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Sun boosts UBL to unify XML dialects

Jon Bosak gets a faraway look in his eyes when he talks about the potential of the Universal Business Language (UBL), which he hopes will someday unify the various business electronic commerce ''dialects'' of XML. Bosak, who holds the title of Distinguished Engineer at Sun Microsystems, is the current chair of the UBL Technical Committee of the Organization for the Advancement of Structured Information Standards (OASIS).

''I'm wondering whether we might not get a Napster-like effect out of this,'' Bosak told eADT during a break at last week's Sun Network conference in San Francisco. ''The thing that made the Web explode was HTML, which turned it into an unmediated publishing medium. I could decide to publish something, and you could decide to read it, and we didn't need the publisher. Maybe UBL will create an unmediated business environment that could take off under its own power.''

But Bosak dismisses his own speculations as ''dreamy stuff.'' The real promise of UBL, he said, is much more modest, but no less compelling: UBL is being designed to serve as a synthesis of existing XML business document libraries.

The man who organized and led the W3C working group that created the XML specification, prides himself on his pragmatism. Without it, he said, progress on the UBL project would be much slower.

''We're making very good progress [on UBL],'' he said, ''because we were willing to do the politically incorrect, but very pragmatic thing. I guess you could say that we cheated, because we weren't willing to start from scratch. But we figured, and I think correctly, that that would have added several years to the timeline.''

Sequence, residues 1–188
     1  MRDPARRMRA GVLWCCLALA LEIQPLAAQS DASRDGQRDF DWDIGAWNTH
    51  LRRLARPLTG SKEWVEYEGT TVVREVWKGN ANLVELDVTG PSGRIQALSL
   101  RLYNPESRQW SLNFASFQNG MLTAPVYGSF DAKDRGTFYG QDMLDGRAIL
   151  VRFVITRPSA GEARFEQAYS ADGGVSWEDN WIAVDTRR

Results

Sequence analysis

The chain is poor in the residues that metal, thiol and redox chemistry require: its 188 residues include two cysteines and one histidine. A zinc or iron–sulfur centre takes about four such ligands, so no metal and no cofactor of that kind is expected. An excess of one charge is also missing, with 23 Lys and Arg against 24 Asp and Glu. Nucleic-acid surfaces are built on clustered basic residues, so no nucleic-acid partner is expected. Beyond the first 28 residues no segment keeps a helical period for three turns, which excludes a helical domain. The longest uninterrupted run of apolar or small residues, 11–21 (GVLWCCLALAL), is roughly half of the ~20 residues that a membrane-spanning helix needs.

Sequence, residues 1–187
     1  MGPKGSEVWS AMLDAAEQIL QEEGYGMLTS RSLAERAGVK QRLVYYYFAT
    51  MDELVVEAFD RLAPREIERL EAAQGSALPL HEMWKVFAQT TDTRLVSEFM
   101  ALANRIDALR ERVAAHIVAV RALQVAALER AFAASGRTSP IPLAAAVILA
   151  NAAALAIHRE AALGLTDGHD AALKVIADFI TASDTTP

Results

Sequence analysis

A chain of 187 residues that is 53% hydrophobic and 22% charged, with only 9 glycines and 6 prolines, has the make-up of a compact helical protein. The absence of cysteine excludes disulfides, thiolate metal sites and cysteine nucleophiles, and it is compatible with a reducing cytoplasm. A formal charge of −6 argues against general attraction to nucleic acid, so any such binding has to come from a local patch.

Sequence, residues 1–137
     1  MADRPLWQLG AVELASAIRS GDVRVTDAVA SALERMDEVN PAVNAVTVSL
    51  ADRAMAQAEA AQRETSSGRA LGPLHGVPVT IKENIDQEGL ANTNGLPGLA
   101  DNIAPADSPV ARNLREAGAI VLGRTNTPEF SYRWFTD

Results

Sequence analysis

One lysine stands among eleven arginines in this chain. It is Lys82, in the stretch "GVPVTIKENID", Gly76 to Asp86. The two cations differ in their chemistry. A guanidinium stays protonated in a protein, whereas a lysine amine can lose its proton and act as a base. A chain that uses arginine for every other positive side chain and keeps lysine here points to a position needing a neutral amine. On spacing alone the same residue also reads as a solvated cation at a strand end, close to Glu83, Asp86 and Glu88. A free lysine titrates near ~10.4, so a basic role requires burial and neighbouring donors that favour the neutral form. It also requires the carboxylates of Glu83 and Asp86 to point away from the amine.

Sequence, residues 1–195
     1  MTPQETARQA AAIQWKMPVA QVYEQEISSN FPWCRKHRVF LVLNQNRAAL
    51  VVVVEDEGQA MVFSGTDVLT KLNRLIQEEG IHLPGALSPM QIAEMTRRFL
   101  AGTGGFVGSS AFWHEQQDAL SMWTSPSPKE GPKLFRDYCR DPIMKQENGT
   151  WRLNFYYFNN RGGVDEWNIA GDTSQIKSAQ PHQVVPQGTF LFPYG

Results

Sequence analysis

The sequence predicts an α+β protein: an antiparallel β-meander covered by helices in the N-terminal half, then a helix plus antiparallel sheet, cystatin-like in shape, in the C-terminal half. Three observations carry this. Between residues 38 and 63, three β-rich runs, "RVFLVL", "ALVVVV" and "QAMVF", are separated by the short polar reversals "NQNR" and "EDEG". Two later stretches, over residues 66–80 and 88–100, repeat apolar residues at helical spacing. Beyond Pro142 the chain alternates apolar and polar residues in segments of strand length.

Instead, he and the other members of the UBL committee, of which he is the current chair, looked around for a large, existing XML library with had a copyright that allowed for the creation of derivative works. After sorting through the available XML business schemas they settled on xCBL from Commerce One and SAP.

''We're starting with something that had four years of development already in it,'' Bosak said, ''and it already had both flavors of EDI (Electronic Data Interchange) cooked into it.''

That decision worried industry watchers, however, because xCBL was one of the commercial contenders. ''In the beginning the great fear was that we were going to rubber stamp Commerce One and SAP's data format,'' Bosak explains, ''which I have to say would have been okay with me if that's what it took to do something real. But I once we got this stuff into committee, even the people you would expect to have a vested interest in keeping it the same were ready to change it and make it better. Consequently, what we're working on right now has very little resemblance to what we started with.''

A library is essential to the goals of the UBL project, Bosak said. ''We wanted a library so that all the documents would share common pieces,'' he said. ''We couldn't begin to accomplish the future work of the context methodology without a library approach. It's also the best approach for version control.''

The second major UBL library review is currently underway. This package includes the data model and XML schema for a library of approximately 500 reusable business information entities (BIEs) plus UBL Order and UBL Order Response.

''It's not really all that sexy to talk about business forms and purchase orders,'' Bosak said, ''but the result [of the UBL project] will be a standard set of XML business document schemas that anyone, anywhere can download and use without having to pay for the privilege and without running into any ownership problems.''

About the Author

John K. Waters is a freelance writer based in Silicon Valley. He can be reached at john@watersworks.com.

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